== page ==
|Lesson 15||How to Permit and Prohibit|
|Lesson 16||How to Join Sentences and Adjectives|
|Lesson 17||How to Make NAI-form and Usage of NAI-form (How to Make a Negative Request and to Show Obligation and Unnecessity)|
|Lesson 18||How to Make Dictionary-form and Usage of Dictionary-form (How to Show Ability)|
|Lesson 19||How to Make TA-form and Usage of TA-form (How to Show Experience and Advice)|
|Lesson 20||Plain-style-sentence and Polite-style-sentence|
|Lesson 21||How to Quote a Sentence|
|Lesson 22||How to Say 'When doing ....'|
|Lesson 23||How to Modify a Noun by a Sentence (Relative Clause)|
|Lesson 24||How to Change a Verb to a Noun|
|Lesson 25||How to Say 'If ...'|
|Lesson 26||How to Show Ability 2|
|Lesson 27||How to Say Give or Get 2|
|Lesson 28/29/30||Grammar Summary of Beginner 1, 2 and Intermediate 1|
|Lesson 31||Conditional-form (How to Say 'if ...' 2)|
|Lesson 32||Volitional-Verb (How to Show Your Volition and Intention)|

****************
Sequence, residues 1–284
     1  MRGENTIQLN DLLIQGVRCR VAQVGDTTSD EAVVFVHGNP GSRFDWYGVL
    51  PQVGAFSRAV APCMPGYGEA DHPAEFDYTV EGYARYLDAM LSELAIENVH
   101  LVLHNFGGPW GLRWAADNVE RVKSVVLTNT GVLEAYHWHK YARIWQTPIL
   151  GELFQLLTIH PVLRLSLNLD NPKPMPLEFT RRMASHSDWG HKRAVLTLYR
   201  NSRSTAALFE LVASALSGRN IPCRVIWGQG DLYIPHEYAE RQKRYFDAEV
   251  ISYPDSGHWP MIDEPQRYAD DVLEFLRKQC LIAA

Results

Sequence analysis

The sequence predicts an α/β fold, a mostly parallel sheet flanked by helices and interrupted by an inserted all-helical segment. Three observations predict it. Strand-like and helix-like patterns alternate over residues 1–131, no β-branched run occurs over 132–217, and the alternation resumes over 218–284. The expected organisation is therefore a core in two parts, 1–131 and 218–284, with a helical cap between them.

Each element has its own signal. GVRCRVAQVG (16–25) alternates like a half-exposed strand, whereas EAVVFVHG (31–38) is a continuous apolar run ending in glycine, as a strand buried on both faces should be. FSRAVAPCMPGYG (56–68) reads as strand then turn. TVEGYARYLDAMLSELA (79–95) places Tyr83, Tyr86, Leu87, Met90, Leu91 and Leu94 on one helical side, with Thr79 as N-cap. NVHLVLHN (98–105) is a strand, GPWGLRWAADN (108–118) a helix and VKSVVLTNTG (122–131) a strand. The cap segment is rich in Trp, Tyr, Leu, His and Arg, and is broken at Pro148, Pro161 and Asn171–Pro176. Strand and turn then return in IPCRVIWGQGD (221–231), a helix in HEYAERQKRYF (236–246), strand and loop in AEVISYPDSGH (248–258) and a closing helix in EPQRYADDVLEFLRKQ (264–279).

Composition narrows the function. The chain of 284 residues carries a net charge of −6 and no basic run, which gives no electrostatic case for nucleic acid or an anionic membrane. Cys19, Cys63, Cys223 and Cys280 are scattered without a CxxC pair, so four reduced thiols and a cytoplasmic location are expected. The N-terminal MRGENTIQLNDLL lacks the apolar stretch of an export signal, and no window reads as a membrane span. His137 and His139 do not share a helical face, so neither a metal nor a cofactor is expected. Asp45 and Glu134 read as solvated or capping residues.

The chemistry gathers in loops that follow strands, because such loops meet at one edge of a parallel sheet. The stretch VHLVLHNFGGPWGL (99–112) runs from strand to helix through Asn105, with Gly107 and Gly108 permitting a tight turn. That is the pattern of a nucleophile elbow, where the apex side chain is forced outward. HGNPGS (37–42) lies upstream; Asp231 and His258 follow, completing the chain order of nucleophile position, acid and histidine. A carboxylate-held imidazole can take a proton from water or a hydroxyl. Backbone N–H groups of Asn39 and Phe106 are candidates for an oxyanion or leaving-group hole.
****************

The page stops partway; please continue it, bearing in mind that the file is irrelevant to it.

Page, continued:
|Lesson 33||How to Command and Order|
|Lesson 34||How to Imply Your Doubt, Surprise, Wonder, etc|
|Lesson 35||How to Say 'While ...' and How to Show Many Actions and Repeated Actions|
|Lesson 36||How to Describe a Reason|
|Lesson 37||How to Say '... so that ...'|
|Lesson 38||Passive-sentence (I am done ... by someone)|
|Lesson 39||Indirect Question|
|Lesson 40||How to Show Continuity 2|
|Lesson 41||How to Say 'do ... beforehand' and 'leave it do as it is'|
|Lesson 42||How to Change a Verb to a Noun 2|
|Lesson 43||How to Show Hearsay and Guess|
|Lesson 44||How to Show Hearsay and Guess 2|
|Lesson 45||How to Say 'be about to do ...' and 'be in th midst of doing ...' and 'have just done ...'|
|Lesson 46||Causative-sentence (I make[let] someone do ...)|
|Lesson 47||How to Say Give or Get 3|
|Lesson 48||Honorific-Verb and Humble-Verb|
|Lesson 49/50||Grammar Summary of Intermediate 2 and Advance 1|
|J.L.P.T.3||At first, we study J.L.P.T.3 Grammar Note that is especially prepared for students of Hougang Japanese Language School. Then we study past test papers and listening comprehension of J.L.P.T.3.|
|J.L.P.T.2||At first, we study J.L.P.T. 2 Grammar Textbook (Published by ALC) that explains important Grammar of J.L.P.T.2 with step-by-step method. And also study 4000 (four thousand) Basic Vocabularies. Then we study past test papers and listening comprehension of J.L.P.T.2.|
|J.L.P.T.1||At first, we study vocabularies of J.L.P.T.1. Then we study past test papers and listening comprehension of J.L.P.T.1.|